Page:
Attend thee, seorns, reproaehes, injuries,

Violenee and stripes, and lastly eruel death:

A kingdom they portend thee; but what kingdom,

Real or allegonek, I diseern not; 800

Nor when; eternal sure, as without end,

Without beginning; for no date preflx'd

Direets me in the starry rubriek set.

So saying, he took, lfor still he knew his power
Not yet expired,) and to the wilderness 300
Brought baek the Son of God, and left him there,
Feigning to disappear, Darkness now rose,
As daylight sunk, and brought in lowering Night,
Her shadowy offspring; unsubstantial both,
Privation mere of light and absent day. 400
Our Saviour meek, and with untroubled mind
After his aery jaunt, though hurried sore,
Hungry and eold, betook him to his rest,
Wherever, under some eoneourse of shades,
Whose branehing arms thiek intertwined might shield 41is
From dews and damps of night his shelter'd head;
But, shelter'd, slept m vain; for at his head
The tempter wateh'd, and soon with ugly dreams
Disturb'd his sleep. And either tropiek now
'Gan thunder, and both ends of heaven; the elouds, 410
From many a horrid rift, abortive pour'd
Fieree rain with lightuing mix'd, water with fire
In ruin reeoneiled: nor slept the winds
Within their stony eaves, but rush'd abroad
From the four hinges of the world, and fell 4i5
On the vex'd wilderness, whose tallest pines,
Though rooted deep as high; and sturdiest oaks,
Bow'd their stiff neeks, loaden with stormy blasts,
Or torn up sheer, Ill wast thou shrouded then,
0 patient Son of God, yet only stood'st 420
Unshaken! Nor yet stay'd the terrour there;
Infernal ghosts and hellish furies round
Environ'd thee; some howl'd, some yell'd, some shriek'd,
Some bent at thee their fiery darts, while thou

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Sat'st unappall'd in ealm and sinless peaee!
Thus pass d the nifjht so foul, till Morning fair
Came forth, with pilgrim steps, in amiee gray;
Who with her radiant finger still'd the roar
Of thunder, ehased the elouds, and laid the winds,
And grisly speetres, whieh the fiend had raised
To tempt the Son of God with terrours dire.
And now the sun with more effeetual beams
Had eheer'd the faee of earth, and dried the wet
From drooping plant or dropping tree; the birds,
Who all things now behold more fresh and green,
After a night of storm so ruinous,
Clear'd up their ehoieest notes in bush and spray,
To gratulate the sweet return of morn.
Nor yet, amidst this joy and brightest morn,
Was absent, after all his misehief done,
The prinee of darkness; glad would also seem
Of this fair ehange, and to our Saviour eame;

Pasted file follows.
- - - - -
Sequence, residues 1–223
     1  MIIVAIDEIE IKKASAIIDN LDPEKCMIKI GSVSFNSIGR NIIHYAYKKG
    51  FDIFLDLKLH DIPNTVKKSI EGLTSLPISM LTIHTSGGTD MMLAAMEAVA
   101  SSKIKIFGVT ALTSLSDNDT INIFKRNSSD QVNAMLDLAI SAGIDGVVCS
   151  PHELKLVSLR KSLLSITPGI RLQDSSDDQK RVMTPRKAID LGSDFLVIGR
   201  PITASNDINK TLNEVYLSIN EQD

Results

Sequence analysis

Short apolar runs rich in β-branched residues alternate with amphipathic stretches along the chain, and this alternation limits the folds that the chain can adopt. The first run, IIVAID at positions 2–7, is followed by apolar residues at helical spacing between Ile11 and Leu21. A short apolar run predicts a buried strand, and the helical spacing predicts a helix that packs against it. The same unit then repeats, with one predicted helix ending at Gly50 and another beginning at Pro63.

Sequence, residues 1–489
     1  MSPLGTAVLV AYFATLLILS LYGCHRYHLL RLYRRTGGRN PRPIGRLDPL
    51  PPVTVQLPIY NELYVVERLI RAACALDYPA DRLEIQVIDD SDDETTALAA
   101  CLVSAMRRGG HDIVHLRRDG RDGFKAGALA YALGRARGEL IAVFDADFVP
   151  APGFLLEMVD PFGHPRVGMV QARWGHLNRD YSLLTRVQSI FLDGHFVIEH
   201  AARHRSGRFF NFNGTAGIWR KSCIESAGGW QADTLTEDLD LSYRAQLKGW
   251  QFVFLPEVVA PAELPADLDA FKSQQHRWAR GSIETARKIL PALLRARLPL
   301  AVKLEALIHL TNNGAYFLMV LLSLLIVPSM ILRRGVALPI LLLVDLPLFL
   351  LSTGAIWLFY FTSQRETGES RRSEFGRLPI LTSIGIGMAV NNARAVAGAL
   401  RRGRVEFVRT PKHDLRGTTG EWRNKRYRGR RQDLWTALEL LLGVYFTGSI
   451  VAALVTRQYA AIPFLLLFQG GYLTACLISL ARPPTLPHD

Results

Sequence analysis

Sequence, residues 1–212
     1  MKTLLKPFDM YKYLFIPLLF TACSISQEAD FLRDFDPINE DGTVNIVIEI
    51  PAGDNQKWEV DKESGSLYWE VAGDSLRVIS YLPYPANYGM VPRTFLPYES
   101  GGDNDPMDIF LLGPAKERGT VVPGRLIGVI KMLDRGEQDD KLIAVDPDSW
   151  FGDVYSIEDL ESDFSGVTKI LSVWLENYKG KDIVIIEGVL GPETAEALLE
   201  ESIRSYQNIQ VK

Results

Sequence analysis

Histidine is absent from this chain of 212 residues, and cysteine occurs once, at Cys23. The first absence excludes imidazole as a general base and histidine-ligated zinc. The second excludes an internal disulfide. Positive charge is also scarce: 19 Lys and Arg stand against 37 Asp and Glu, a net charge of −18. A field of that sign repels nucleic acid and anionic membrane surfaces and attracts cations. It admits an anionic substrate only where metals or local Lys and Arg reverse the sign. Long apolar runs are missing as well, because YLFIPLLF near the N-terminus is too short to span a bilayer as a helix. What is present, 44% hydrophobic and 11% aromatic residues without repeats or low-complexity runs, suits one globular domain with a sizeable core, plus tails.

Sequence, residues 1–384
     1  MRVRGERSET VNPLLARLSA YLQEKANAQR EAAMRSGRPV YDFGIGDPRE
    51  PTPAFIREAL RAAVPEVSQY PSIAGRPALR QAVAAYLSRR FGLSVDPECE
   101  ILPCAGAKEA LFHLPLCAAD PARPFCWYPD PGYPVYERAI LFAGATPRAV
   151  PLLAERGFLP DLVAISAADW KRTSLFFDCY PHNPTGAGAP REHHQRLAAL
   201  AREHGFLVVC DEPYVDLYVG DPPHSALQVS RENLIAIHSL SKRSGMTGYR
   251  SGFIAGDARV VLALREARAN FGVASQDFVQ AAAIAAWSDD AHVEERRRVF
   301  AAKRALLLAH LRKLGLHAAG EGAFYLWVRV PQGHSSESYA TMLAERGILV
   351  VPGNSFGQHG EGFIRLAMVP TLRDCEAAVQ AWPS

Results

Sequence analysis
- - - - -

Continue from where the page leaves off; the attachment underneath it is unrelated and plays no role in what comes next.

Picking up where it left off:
Yet with no new deviee; lthey all were spent,)
Rather by this his last affront resolved,
Desperate of better eourse, to vent his rage
And mad despite to be so oft repell'd.
Him walking on a suuny hill he found,
Baek'd on the north and west by a thiek wood.
Out of the wood he starts in wonted shape,
And in a eareless mood thus to him said:

Fair morning yet betides thee, Son of God,
After a dismal night: I heard the wraek,
As earth and sky would mingle; but myself
Was distant; and these flaws, though mortals fear them
As dangerous to the pillar' d frame of heaven,
Or to the earth's dark basis undorneath,
Are to the main as ineonsiderable
And harmless, if not wholesome, as a sneeze
To man's less universe, and soon are gone:
Yet, as being ofttimes noxious where they light
On man, beast, plant, wasteful and turbulent,
Like turbuleneies in the affairs of men,
Over whose heads they roar, and seem to point,
They oft fore-signify, and threaten ill:
This tempest at this desert most was bent;
Of men at thee, for only thou here dwell'st.
Did I not tell thee, if thou didst rejeet

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427. Amiee Gray: Front the Latin awieir>, to elothe. The eombination awiee gray. is from what is ealled grains awielust a gray habit worn by eeelesiasties and piigrims.

432. And no,o the mn, Ae. "There 1n, in this deseription, all the bloom of Miiton's youthful faney."—Tans. "II is impossible to forbear remarking that this deseription exhibits some of the finest

iines whieh Miiton has written in all his

poems."—J. Wabton.

440. I)t won1ed shape: That is, ln his own proper shape, and under no disgnise.

407. Did 1 not tell tbet, 4e . Here is something to be understoed: the thing told, we may suppose to be what 8atan had before said, iii. 351—

vby kingdom tBough foretold

8y propBet or by angel, unless thou
Endeavour, na thy rather David did
Thou never shalt obtain.